Addressing a conservative group in New York Wednesday, Abe said he is pushing to increase Japan's military power because "in this age, everything is connected."
"Outer space has no borders," he said. "Chemical weapons transcend borders. My country cannot be the weak link in the chain."
China has criticized Abe's push to give Japan a more active military role after decades of avoiding any international involvement by its armed forces. In his speech, without mentioning China, Abe said his critics can call him a "right-wing militarist" if they want.
Abe delivered the remarks during an event at which he became the first non-U.S. citizen to receive the Herman Kahn Award, created by the Hudson Institute to honor the futurist and military strategist, The Wall Street Journal reported.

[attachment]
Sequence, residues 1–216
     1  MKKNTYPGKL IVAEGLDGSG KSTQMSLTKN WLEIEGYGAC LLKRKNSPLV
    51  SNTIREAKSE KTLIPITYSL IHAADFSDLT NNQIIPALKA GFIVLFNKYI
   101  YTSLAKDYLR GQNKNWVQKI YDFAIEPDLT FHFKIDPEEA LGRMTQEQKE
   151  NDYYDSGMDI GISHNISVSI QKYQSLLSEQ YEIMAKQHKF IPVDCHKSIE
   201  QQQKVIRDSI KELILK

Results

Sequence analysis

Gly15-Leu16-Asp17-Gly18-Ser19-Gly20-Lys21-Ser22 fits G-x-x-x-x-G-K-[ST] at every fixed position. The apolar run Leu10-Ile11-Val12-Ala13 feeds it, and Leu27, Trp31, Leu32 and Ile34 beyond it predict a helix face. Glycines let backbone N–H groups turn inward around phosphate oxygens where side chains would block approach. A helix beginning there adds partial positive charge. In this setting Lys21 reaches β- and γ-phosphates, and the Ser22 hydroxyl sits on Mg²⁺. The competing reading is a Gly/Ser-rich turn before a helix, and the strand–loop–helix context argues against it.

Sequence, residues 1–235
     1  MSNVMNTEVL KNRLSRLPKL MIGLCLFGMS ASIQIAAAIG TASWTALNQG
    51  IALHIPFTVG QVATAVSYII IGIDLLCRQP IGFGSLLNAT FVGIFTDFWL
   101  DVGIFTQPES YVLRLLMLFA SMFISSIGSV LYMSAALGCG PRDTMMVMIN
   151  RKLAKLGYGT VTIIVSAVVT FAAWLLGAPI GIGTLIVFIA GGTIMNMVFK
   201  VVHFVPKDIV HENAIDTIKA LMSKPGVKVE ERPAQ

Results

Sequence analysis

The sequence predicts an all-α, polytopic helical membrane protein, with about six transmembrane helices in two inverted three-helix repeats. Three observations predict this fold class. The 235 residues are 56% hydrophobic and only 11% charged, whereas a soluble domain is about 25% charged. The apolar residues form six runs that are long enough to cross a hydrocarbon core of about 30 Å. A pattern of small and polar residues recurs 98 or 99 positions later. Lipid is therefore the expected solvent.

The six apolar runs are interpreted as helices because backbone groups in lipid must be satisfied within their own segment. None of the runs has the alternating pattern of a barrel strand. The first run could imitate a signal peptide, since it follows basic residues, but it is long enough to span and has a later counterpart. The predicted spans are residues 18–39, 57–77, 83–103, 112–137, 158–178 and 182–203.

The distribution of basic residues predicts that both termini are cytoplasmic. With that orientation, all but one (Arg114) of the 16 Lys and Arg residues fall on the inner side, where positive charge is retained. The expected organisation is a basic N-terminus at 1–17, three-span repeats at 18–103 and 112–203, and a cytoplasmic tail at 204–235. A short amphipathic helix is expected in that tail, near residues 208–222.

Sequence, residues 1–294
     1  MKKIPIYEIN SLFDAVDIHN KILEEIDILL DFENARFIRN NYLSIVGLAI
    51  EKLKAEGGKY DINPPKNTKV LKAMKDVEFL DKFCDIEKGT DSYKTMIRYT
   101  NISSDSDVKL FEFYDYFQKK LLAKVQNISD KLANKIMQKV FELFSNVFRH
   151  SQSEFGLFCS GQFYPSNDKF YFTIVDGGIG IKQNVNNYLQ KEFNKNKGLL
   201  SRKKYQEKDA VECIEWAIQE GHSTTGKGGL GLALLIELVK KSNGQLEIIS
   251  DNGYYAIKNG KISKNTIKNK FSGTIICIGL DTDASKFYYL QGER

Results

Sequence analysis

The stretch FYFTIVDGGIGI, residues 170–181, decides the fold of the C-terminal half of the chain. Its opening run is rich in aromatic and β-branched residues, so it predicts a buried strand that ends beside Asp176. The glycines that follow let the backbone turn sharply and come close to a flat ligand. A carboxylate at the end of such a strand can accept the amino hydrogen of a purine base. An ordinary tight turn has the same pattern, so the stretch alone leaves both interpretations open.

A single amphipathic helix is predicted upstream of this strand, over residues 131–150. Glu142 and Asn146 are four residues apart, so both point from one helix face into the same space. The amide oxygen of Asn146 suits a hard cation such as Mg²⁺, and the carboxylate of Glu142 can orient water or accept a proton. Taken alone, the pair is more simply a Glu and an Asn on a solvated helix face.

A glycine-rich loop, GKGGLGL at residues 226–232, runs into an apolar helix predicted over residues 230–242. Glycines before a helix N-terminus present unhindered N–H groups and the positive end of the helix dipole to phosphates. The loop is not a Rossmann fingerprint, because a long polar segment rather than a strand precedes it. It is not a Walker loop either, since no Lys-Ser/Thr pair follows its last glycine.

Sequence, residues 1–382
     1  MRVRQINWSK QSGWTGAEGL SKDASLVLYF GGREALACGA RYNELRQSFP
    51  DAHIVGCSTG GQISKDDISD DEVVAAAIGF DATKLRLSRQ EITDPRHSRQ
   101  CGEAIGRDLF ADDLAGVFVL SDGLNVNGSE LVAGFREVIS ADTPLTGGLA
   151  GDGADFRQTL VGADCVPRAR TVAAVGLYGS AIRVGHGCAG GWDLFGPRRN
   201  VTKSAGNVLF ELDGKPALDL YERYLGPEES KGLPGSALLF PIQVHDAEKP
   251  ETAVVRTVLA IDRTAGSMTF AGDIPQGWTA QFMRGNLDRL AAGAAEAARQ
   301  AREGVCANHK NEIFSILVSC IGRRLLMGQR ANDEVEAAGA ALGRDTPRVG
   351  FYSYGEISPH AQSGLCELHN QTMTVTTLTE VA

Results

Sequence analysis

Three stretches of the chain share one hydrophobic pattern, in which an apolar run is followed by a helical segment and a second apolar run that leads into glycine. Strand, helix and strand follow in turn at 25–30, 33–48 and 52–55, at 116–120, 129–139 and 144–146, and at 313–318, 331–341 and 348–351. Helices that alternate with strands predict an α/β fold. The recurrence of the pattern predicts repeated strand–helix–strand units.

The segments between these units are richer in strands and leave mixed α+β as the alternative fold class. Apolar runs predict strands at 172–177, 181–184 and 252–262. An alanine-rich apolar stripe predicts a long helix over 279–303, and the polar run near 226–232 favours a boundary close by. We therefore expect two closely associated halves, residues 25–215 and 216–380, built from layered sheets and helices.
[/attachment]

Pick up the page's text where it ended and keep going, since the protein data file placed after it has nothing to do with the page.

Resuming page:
During an appearance Thursday at the New York Stock Exchange, Abe argued Japan is poised for an economic comeback.
He compared Japan to the fictional Gordon Gekko, who made a comeback in the Oliver Stone film "Money Never Sleeps," years after he was convicted of insider trading in Stone's Oscar-winning "Wall Street."
"To paraphrase Gordon Gekko, 'How are we going to revive the global economy? Well, I'll tell you. Three words: 'Buy my Abenomics!' The Wall Street is always ahead of the curve. In light of that, now is your chance," he said.
In another pop-culture reference, Abe compared Japan to Mariano Rivera, who was about to pitch his last game at Yankee Stadium after 19 years with the Yankees.